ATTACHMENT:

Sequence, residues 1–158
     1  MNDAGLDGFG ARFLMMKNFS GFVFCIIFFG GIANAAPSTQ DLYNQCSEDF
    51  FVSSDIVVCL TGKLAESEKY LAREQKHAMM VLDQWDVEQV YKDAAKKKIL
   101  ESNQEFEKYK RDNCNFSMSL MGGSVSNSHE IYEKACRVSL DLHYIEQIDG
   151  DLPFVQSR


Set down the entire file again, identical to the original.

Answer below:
Sequence, residues 1–158
     1  MNDAGLDGFG ARFLMMKNFS GFVFCIIFFG GIANAAPSTQ DLYNQCSEDF
    51  FVSSDIVVCL TGKLAESEKY LAREQKHAMM VLDQWDVEQV YKDAAKKKIL
   101  ESNQEFEKYK RDNCNFSMSL MGGSVSNSHE IYEKACRVSL DLHYIEQIDG
   151  DLPFVQSR